Getting the best out of data

16-05-2018

Getting the best out of data

Meghan Anzelc, chief analytics officer, AXIS Capital

Many re/insurers understand the value and potential of data but leveraging its full potential requires a systematic approach designed to achieve very specific outcomes, says Meghan Anzelc, chief analytics officer, AXIS Capital.

How do you transform data into a powerful, profitable tool for your specialty insurance business? Everyone is aware of its potential, but converting the possibilities trapped within data, internal or external, into tangible business benefits is not straightforward.

Whether the desired outcome is to empower better decision-making, or improve business processes, or both, a systematic and creative approach will be more successful than one which deploys the newest technology simply because it is the current buzz, or attempts to accumulate vast external data sources without first knowing exactly what purpose they will serve.

The goal of any data-related project should be to solve a specific problem and deliver a quantifiably useful benefit. Therefore, the first stage in harnessing the power of data is to identify real-world areas where it will yield value.

The job begins with the formation of a combined data and analytics team to identify and create analytical tools which will benefit the business where it counts most: the bottom line. The initial step is for the team to engage with business leaders and their team members to understand their business strategies, challenges, and points of frustration.

It is also important to ask questions and collect information on how data is being collected and used and how the workflows are designed. The approach should be systematic, but at the same time it must be creative. Methodology ensures nothing mandatory is missed; creativity does the same for possibilities.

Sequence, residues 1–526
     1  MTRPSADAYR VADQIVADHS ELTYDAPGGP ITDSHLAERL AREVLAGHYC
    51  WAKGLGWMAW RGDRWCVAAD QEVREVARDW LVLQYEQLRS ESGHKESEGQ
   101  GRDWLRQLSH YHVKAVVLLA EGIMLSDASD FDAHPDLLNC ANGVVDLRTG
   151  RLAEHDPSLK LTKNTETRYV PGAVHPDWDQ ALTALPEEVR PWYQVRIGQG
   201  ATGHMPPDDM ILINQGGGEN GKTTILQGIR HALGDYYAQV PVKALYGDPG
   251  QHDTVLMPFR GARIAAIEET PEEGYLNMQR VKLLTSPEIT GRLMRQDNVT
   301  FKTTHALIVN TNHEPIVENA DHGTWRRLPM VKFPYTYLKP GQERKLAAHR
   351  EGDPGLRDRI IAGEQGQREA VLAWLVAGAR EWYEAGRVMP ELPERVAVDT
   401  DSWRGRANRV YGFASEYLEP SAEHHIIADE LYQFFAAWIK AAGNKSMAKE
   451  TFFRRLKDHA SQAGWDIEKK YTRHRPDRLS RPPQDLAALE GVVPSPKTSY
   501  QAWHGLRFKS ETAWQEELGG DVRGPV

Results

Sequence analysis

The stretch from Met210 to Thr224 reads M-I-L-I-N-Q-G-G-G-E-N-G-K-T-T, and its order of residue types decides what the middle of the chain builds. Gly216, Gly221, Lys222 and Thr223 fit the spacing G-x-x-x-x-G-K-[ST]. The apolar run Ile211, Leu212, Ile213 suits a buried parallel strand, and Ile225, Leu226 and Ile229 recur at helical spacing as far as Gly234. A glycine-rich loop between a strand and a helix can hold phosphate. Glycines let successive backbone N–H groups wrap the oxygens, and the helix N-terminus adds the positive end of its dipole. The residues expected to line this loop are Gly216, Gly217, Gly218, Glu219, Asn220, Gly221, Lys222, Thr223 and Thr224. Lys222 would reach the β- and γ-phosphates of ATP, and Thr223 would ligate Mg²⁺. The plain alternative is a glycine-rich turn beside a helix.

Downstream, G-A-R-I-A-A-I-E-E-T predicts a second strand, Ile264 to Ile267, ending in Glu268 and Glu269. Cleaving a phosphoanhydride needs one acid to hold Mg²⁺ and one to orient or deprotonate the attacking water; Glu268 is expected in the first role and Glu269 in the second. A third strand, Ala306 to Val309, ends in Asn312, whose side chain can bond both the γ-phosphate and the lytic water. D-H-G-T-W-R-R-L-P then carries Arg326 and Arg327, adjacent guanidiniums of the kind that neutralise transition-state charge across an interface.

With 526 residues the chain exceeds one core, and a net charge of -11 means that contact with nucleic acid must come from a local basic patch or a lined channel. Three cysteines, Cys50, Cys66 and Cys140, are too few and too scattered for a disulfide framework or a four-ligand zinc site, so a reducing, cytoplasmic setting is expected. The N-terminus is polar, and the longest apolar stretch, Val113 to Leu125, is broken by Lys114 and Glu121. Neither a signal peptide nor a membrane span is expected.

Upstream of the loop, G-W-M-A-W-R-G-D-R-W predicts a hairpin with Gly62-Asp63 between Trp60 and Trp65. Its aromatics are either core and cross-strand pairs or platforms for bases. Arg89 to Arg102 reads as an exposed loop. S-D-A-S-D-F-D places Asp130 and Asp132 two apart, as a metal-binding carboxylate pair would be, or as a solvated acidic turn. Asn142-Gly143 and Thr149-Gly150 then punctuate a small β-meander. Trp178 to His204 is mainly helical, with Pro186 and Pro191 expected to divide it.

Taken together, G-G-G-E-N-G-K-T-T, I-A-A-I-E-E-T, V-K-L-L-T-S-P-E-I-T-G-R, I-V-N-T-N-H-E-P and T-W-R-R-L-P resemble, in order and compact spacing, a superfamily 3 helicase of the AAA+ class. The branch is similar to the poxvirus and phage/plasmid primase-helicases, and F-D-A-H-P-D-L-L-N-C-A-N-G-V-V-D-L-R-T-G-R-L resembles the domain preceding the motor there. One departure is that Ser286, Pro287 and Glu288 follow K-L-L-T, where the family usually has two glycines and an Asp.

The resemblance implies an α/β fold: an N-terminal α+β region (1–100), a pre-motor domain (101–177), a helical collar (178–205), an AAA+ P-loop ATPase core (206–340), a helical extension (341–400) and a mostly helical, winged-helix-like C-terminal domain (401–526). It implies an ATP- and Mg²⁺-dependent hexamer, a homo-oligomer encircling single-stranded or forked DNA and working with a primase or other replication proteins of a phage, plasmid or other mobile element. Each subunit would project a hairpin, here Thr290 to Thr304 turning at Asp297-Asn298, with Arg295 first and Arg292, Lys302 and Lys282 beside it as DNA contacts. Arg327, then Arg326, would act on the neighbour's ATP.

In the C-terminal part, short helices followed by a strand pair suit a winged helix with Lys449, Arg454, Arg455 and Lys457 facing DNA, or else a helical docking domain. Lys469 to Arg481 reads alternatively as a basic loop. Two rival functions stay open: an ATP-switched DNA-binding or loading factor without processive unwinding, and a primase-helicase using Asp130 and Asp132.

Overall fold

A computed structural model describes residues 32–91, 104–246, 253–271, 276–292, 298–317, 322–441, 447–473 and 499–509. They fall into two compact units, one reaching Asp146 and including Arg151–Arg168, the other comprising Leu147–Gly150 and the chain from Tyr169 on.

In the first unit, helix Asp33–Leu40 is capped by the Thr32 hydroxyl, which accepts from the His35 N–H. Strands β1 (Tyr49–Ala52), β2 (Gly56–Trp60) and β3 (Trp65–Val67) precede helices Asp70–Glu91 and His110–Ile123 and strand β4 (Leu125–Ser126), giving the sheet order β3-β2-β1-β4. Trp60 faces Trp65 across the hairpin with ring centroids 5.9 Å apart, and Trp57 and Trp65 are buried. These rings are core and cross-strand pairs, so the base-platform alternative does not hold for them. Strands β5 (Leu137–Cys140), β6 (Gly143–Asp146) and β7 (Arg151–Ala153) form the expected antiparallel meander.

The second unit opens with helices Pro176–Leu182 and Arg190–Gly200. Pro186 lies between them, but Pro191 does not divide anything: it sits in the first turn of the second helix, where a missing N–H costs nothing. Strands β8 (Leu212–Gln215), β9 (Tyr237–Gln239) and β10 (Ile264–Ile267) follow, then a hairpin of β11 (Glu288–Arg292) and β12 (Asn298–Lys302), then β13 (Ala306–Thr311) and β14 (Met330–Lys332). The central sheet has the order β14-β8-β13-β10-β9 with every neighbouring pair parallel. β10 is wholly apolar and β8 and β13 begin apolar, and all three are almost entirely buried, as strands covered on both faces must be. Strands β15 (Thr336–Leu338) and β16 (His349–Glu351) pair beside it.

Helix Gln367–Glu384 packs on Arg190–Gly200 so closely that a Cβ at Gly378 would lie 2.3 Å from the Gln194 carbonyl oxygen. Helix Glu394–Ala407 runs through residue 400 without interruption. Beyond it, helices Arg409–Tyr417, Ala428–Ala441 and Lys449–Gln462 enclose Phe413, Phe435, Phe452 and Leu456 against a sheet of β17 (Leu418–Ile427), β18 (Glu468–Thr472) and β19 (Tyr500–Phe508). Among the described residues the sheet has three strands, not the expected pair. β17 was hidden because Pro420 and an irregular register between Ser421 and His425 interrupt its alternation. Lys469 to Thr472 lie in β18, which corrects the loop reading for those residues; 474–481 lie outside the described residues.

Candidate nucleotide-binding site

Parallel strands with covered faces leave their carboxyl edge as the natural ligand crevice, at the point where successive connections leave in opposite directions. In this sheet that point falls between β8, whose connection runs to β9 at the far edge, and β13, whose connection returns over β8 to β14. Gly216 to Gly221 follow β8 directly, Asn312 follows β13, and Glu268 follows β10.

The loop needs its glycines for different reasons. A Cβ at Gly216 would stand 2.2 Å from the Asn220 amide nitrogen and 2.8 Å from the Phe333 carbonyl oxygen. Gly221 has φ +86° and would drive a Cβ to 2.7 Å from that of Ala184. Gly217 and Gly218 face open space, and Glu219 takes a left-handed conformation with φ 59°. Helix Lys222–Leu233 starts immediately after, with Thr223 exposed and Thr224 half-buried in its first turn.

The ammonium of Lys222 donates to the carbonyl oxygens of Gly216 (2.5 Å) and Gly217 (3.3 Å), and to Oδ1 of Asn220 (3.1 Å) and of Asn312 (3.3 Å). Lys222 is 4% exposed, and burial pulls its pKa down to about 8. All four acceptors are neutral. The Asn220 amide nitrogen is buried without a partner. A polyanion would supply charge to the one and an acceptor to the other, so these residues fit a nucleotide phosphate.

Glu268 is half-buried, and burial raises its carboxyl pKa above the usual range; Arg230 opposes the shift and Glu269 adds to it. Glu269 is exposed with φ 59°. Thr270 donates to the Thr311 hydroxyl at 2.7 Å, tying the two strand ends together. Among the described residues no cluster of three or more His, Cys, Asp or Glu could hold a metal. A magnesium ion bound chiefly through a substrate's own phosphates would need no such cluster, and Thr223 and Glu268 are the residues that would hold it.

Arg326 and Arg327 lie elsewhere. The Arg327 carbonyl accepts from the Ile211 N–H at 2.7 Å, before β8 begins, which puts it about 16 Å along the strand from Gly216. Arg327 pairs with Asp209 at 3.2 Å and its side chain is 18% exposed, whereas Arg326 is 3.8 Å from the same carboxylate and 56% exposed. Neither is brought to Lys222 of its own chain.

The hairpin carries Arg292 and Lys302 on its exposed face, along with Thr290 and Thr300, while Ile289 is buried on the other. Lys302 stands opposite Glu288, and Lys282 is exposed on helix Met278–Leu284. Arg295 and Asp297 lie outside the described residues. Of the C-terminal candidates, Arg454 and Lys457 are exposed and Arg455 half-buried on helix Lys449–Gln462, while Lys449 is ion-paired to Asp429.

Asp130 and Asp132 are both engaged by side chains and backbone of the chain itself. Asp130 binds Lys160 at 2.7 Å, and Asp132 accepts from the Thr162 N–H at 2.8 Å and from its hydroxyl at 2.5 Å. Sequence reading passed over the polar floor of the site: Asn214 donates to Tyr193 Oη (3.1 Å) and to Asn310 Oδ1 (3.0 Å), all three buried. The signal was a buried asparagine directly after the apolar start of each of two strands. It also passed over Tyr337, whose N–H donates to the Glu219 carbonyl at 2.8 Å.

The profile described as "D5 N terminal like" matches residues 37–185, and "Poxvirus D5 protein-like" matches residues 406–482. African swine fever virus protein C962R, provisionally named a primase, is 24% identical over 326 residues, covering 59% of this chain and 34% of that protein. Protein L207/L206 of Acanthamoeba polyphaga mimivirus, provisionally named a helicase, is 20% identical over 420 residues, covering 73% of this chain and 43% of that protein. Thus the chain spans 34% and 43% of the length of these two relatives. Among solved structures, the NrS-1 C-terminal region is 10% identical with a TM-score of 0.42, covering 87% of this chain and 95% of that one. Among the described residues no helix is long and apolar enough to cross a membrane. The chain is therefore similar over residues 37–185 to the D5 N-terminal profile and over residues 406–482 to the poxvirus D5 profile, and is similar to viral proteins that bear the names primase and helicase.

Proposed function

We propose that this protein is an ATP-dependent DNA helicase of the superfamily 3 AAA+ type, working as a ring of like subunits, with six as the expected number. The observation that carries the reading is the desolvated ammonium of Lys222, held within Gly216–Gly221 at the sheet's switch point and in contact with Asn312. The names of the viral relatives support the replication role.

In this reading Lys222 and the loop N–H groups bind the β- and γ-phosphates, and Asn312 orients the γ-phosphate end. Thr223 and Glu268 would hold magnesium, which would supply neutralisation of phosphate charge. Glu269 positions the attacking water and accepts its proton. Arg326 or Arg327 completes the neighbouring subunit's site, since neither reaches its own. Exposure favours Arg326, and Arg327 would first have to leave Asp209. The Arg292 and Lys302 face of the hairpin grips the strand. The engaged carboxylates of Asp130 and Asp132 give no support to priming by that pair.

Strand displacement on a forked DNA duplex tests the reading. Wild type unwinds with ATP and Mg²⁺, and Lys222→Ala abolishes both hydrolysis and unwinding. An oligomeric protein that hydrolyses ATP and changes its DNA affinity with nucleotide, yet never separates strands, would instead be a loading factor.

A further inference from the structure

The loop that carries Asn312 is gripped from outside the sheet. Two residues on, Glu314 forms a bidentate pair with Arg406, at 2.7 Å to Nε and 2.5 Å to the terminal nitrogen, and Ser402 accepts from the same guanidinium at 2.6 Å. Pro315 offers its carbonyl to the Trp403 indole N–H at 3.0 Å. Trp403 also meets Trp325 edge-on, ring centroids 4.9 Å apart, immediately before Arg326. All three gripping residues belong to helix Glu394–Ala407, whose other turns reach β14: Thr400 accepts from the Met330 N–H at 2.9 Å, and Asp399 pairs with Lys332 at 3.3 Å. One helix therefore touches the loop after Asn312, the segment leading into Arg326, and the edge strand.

Making life easier

The job, in short, is to examine processes and data usages to identify ways they could be improved and that also solve existing challenges or points of frustration. It can be as simple as asking people how they use information and how information informs and improves their work, and then thinking about how that could be made easier.

An important component of this process is to involve the ultimate end users of any data analytics solution that is developed. This helps alleviate anxieties over data usage and achieve the buy-in that is essential to ensuring that any data analytics project yields the maximum benefits. In an ideal world, a strong partnership will exist between the end users—often actuarial, claims and underwriting teams—and the data analytics team, ensuring tight alignment of objectives and use cases and a continuous feedback loop throughout the project development and after implementation.

A new data analytics tool or programme is only as useful as the benefit its users derive from it. It’s important, therefore, that your data analytics team is in constant communication with the end users to gather their input, ideas and feedback.

The result is a list of data analytics projects, each of which could be executed to deliver an anticipated benefit. Some will be discarded immediately because they are impossible—the data may not exist, for example. Others may require a change of business process that simply isn’t feasible.

Projects which remain should then be assessed on a cost-benefit basis. Some will be quick wins; others may require the medium-term dedication of time and resources. Either way, the data analytics team should choose to pursue only those projects which present the best business case.

The earliest projects should target getting the most from existing internal data. This could involve, for example, analysing existing data and reports to help bring forward actionable insights from the data. Rather than just reporting the numbers, which often entails large volumes of charts and tables, partnering with the user group and IT, to better design user interfaces to draw attention to key points or worrying trends, can add value to the business.

A second internal data strategy is to release data trapped in electronic formats such as unstructured text fields and PDF documents. This can hold many valuable insights, but is often left out of the equation because the people who could benefit from the knowledge either have no idea it exists or cannot readily gain access. This could include, for example, the story of a claim: what happened and where.